apostle, bukhari, God's apostle, hadith bukhari, hadith on the sick, hadith sahih, hadith sahih bukhari, hadiths, muslimah, muslims, Prophet, Prophet Mohamed, Prophet Muhamed, Prophet Muhammad, sahih bukhari, should we visit the sick, sick, sick muslims, visit, why do we fall ill, why do we fall sick
Why do we fall ill?
There are many hadith regarding sickness and why Allah afflicts one with it. Every sickness that a Muslim undergoes certainly has a purpose. It is not that Allah is not merciful towards His servants, on the contrary, He is Most Merciful when he causes a Muslimah to beset with any form of illness. In fact, one of the ways that Allah shows a true Muslimah that Allah loves her dearly is by giving her a particular degree of disease. It is probably one of the easiest ways for a true believer to know that Allah appreciates her efforts and that Allah wishes for her to enter Paradise, insha Allah.
Only Allah knows the actual reason for one to be sick – perhaps it is a test to reward one’s patience, perhaps it is a way for Allah to wipe off one’s sins, perhaps Allah wants to increase one’s level of faith, etc… Allah knows the accurate purpose of one’s sickness. Therefore, a Muslimah should not be sad or angry when she is burdened with hurt. Verily, every sickness has its function.
The following are several Hadith that may bring us a little understanding regarding this matter, insha Allah…
Hadith Sahih Bukhari, Volume 7, Book 70, Number 544:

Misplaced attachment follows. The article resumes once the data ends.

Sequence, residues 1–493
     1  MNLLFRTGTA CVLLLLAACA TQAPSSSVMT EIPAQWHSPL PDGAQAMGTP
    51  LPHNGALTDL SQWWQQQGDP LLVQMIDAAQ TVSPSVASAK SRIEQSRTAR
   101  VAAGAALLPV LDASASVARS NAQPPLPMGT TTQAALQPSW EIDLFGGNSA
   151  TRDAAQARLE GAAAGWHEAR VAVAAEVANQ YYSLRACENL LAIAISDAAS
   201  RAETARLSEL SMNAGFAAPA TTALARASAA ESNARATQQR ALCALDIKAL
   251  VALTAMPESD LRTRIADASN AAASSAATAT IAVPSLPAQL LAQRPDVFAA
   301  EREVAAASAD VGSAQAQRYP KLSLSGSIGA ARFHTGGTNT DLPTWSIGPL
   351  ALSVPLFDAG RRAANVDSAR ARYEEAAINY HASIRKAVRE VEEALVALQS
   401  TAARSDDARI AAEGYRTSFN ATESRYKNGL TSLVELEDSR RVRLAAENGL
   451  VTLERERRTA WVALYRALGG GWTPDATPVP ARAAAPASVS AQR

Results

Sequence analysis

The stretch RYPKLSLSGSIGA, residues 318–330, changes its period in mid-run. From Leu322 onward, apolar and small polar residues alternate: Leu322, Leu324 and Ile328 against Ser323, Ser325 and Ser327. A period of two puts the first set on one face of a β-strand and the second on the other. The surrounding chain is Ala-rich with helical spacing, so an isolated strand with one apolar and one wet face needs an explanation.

As narrated by ‘Aisha (the wife of the Prophet), Allah’s Apostle said, “No calamity befalls a Muslim but that Allah expiates some of his sins because of it, even though it were the prick he receives from a thorn.”
Hadith Sahih Bukhari in al-Adab ul-Mufrad (no. 493), verified authentic by al-Albani :
The Prophet said, “Expect good, because Allah (s.w.t.) makes a believer’s sickness an expiation (for his sins) and a period of repose. As for a disbeliever falling sick, he is like a camel whose owner ties it and then lets it loose –it does not understand why it was tied, nor why it was freed.”
Hadith Sahih Bukhari, Volume 7, Book 70, Number 546:
As narrated by Kab: The Prophet said, “The example of a believer is that of a fresh tender plant. The wind bends it sometimes and some other time, the wind makes it straight. And the example of a hypocrite is that of a pine tree which keeps straight till once it is uprooted suddenly.”
Hadith Sahih Bukhari, Volume 7, Book 70, Number 548:
One may think that the Prophet never did fall ill as he was the best of the Prophets and he was guaranteed Paradise by Allah. But, alas, Prophet Muhammad is also human and the best of examples. Allah did give him sickness, perhaps also to show us how to behave when we are ill.
Hadith Sahih Bukhari, Volume 7, Book 70, Number 549: